Listening, Learning and Leadership: A Prescription for Excellent Patient Care

By Joan Lowery, MEd
December 8, 2017

According to research, 80 percent of diagnoses can be made without tests, by carefully listening to the patient. So why isn’t listening given a priority in physician training?

When it comes to communication skills, common sense is sometimes not common practice. In my experience as a communication skills trainer and coach, this is especially accurate when it comes to listening. Thankfully, this core skill is now recognized as integral to delivering safe, high-quality, patient-centered care in an increasingly team-based, interprofessional environment.

The September 2015 Institute of Medicine report, Improving Diagnosis in Health Care, targeted listening as a too-often ignored, yet highly critical determinant in ensuring patient safety and quality care. According to the report, “Improving diagnosis will require collaboration and a widespread commitment to change among health care professionals, health care organizations, patients and their families, researchers and policy makers.” The report underscored listening to patients, their families and the interprofessional health care team as crucial to formulating accurate diagnoses. 

According to research by Leana Wen, MD, 80 percent of clinical diagnoses can be made without any tests ― by carefully listening to the patient’s story. This is not a new idea. In 1904, Sir William Osler, called the father of modern medicine, advised physicians, “Listen to the patient, he is telling you the diagnosis.”

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So, why isn’t listening given high priority in the training of physicians ― from medical school through residency? Why aren’t seasoned doctors and physician leaders given advanced training and refreshers in this essential communication skill? How has it come to pass that listening has not been treated as critically important to formulating an accurate diagnosis; to better understanding patients; to building the empathy, trust and rapport necessary to achieve desired patient outcomes?

Perhaps the answer lies outside medicine, in a society and educational system that has not made learning how to listen effectively a priority. Unfortunately, while listening is the first learned (in our mothers’ wombs) and most-used skill, it is the least studied and mastered.  The clear majority of people never receive any formal active listening training. Instead, most of us learn how to listen through our families and early life experiences. We develop habitual listening barriers such as judging, criticizing, interrupting, impatience, premature problem solving and other behaviors that compromise our ability to truly hear and understand what others are communicating.

So, what is active listening? It is an ages-old approach that puts this intention first: 

Seek first to understand what the speaker is communicating.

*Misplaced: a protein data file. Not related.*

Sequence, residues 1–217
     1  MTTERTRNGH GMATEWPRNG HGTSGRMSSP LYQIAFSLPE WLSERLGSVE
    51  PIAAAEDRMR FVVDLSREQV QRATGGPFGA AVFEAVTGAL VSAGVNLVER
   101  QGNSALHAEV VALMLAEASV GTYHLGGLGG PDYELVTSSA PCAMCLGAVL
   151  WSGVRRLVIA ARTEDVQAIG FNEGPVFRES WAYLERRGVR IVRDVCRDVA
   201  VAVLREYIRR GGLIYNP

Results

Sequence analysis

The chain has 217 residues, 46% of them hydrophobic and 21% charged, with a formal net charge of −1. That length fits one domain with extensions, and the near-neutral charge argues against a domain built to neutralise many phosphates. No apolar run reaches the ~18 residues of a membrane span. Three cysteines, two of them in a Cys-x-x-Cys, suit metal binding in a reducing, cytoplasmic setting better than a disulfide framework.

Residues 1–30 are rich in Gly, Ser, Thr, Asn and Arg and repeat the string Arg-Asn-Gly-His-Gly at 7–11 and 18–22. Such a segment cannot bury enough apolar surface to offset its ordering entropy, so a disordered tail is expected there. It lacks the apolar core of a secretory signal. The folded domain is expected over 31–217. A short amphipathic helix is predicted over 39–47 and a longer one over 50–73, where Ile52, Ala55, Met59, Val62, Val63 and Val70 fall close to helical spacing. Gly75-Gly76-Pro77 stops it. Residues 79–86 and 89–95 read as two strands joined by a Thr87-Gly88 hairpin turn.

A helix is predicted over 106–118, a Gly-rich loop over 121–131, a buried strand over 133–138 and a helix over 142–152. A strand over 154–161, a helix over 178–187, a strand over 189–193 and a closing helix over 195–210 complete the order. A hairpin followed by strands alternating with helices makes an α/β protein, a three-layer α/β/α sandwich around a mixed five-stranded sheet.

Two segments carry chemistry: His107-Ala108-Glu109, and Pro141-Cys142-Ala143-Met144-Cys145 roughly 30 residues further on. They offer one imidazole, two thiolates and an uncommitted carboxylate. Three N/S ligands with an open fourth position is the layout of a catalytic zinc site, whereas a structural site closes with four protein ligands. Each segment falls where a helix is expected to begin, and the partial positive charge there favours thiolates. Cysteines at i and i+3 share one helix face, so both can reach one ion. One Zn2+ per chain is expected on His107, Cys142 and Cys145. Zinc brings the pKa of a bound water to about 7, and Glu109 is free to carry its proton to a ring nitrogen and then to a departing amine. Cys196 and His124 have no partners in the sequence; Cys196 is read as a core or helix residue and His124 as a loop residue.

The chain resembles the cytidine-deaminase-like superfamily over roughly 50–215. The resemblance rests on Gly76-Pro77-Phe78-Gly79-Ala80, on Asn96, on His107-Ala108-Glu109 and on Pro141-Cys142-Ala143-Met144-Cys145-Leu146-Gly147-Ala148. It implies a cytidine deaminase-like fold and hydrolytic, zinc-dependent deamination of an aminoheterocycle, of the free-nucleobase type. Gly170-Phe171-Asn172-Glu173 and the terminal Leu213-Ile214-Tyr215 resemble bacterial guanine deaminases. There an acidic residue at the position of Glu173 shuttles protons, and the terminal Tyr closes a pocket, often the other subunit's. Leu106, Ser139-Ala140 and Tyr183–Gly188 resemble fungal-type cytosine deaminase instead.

Active listening uses three core skills:

  • Paraphrasing, or restating, what you heard in your own words to make sure that you fully understood what the person said.
  • Asking clarifying questions to better understand the speaker and to perhaps delve more deeply.
  • Summarizing periodically, and at the end of conversations, to make sure that you are “on the same page” as the speaker in your understanding.

The primary goal of active listening is to seek to understand the other person in an open-minded way, thus avoiding any chances for misunderstanding and mishaps. It is the elixir for building empathy, the well-documented quality that facilitates achieving desired medical outcomes such as lowering A1C, blood pressure and LDL and optimizing patient adherence to treatment protocols.

In the context of medicine, we must add a fourth core skill, that of “teach back.” By asking patients or colleagues to paraphrase (teach back) their understanding of a discussion, you can ensure that there is mutual understanding and clear up misunderstandings that could get in the way of achieving desired medical outcomes.

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So, back to those pesky, habitual barriers that impede our listening.  It is critical to explore what goes on “behind the curtain” when we listen to others. What is distracting you ― consciously or unconsciously ― while in the process of listening? What barriers are you putting up that might get in the way of understanding what the speaker is trying to communicate?

Are you judging the speaker? Are you eagerly waiting your turn to speak or focusing on what you might say next? Are you feeling impatient and completing the speaker’s sentences? Are you distracted by electronic health records, your beeper, thoughts about what’s for lunch, or what you like, or don’t like, in this person? In short, so much is typically going on when we think we’re listening that it’s very hard to get beyond the noise in our heads to truly hear what that person is trying to tell us!

Becoming a physician and a leader who listens well requires self-awareness, self-reflection, commitment and practice. It is, perhaps, the ultimate mindfulness exercise as the essence of listening is being fully present to another human being. It is true that habits are challenging to break, however, the results will be greater understanding, connection and rapport with patients and the health care team and a heightened capacity to diagnose accurately and communicate in a manner that strengthens patient adherence and optimizes medical results.

Joan Lowery, M.Ed., is a communications skills trainer and coach specializing in health care. 

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